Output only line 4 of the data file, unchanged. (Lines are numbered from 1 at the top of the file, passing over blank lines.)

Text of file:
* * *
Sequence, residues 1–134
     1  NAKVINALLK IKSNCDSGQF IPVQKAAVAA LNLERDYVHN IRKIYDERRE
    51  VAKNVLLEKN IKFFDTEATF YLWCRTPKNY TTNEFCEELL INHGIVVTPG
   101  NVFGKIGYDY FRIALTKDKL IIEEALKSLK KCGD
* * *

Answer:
   101  NVFGKIGYDY FRIALTKDKL IIEEALKSLK KCGD